(Kumamoto, Japan) The world’s first international mercury treaty should spur governments to make the name “Minamata” synonymous with the successful resolution of a serious health and environmental crisis, the international NGO IPEN said today. Issues raised by Minamata victims for nearly thirty years should be finally addressed, and all governments must act quickly to avoid future “Minamata” tragedies now developing in other parts of the world.
IPEN recently concluded its activities at the Mercury Treaty Diplomatic Conference in Kumamoto, Japan, which included side events and a press conference. For information about IPEN's work in Japan, see our "DipCon" page.
Kumamoto, Japan — The signing of the world’s first international mercury treaty by delegates from more than 100 countries should spur three key actions to reduce total mercury pollution, the International NGO IPEN said.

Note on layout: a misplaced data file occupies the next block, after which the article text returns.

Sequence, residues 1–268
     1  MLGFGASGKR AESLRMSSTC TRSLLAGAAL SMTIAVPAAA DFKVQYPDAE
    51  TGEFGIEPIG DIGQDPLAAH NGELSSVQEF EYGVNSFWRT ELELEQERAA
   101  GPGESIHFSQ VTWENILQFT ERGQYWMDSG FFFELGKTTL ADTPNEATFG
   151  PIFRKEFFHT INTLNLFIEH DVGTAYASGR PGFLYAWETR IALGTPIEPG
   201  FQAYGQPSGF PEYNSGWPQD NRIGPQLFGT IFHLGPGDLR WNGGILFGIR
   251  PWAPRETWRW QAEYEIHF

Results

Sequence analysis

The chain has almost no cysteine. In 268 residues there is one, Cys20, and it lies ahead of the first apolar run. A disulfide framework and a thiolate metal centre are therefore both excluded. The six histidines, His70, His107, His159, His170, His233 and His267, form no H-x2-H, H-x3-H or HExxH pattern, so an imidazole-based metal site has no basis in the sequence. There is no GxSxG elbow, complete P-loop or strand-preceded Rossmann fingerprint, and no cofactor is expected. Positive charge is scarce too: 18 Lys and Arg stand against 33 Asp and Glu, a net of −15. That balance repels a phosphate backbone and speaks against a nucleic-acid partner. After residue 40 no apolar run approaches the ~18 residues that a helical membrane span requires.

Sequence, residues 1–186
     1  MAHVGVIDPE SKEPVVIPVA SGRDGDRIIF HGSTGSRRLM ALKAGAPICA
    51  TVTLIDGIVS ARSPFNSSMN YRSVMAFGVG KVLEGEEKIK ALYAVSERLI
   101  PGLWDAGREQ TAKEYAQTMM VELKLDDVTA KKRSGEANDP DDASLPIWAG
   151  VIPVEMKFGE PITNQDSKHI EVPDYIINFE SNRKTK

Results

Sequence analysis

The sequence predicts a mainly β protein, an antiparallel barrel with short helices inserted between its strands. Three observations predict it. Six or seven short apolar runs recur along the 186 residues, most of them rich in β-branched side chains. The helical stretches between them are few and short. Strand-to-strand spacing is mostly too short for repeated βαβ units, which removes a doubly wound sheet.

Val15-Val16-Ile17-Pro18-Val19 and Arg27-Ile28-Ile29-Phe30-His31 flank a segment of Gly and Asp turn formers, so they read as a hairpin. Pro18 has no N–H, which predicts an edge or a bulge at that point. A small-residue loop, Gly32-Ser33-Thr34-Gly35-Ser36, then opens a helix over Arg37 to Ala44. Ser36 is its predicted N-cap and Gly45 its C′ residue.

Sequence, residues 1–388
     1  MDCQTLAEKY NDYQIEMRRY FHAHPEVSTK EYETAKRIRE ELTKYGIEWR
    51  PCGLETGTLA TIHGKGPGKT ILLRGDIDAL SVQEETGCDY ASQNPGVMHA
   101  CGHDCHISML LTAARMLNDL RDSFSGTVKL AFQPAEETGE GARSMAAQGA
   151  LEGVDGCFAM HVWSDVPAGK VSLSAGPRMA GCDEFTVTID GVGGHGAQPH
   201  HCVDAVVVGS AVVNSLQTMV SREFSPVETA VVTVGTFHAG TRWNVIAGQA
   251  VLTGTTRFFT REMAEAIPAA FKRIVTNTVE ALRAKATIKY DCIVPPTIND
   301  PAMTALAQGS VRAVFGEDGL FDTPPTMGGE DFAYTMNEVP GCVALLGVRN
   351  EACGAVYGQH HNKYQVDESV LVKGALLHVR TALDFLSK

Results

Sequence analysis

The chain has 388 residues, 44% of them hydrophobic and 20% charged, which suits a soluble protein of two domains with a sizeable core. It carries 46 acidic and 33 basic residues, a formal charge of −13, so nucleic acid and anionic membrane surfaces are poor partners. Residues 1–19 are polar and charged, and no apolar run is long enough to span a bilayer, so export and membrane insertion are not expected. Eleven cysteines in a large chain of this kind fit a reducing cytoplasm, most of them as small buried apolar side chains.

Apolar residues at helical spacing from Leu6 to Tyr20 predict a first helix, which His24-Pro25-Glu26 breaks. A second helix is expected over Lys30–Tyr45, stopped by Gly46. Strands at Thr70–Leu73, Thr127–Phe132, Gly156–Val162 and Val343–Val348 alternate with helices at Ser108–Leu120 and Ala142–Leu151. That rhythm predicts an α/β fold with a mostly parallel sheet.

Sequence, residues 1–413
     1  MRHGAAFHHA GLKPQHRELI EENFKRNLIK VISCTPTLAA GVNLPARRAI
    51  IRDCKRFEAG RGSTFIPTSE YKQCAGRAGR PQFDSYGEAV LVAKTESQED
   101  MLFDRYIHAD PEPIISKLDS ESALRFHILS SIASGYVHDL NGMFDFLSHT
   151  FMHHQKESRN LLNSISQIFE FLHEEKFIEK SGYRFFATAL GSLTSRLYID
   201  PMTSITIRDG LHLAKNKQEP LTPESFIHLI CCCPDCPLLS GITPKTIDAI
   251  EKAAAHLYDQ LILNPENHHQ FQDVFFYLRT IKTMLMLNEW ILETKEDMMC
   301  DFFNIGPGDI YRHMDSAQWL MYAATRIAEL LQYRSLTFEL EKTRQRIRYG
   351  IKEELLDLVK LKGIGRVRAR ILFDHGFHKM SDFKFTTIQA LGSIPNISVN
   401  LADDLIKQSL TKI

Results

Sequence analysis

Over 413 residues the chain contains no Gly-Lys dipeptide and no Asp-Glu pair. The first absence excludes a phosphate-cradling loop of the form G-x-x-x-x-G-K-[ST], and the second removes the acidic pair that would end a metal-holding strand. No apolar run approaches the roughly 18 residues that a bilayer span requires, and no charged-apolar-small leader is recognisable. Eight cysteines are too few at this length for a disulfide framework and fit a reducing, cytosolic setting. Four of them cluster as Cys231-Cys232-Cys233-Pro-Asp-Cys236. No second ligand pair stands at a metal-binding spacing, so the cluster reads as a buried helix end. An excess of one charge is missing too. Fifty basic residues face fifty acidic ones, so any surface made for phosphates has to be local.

“The mercury treaty is a victory because it represents a global consensus that mercury pollution presents a serious threat to human health and the environment. Now we need to get to work,” said Joe DiGangi, IPEN’s Senior Science and Technical Adviser. “Some treaty provisions are legally-binding obligations and others require governments to “endeavor” to take action. This means that each government has a moral, if not a legal commitment to fully implement all treaty provisions.”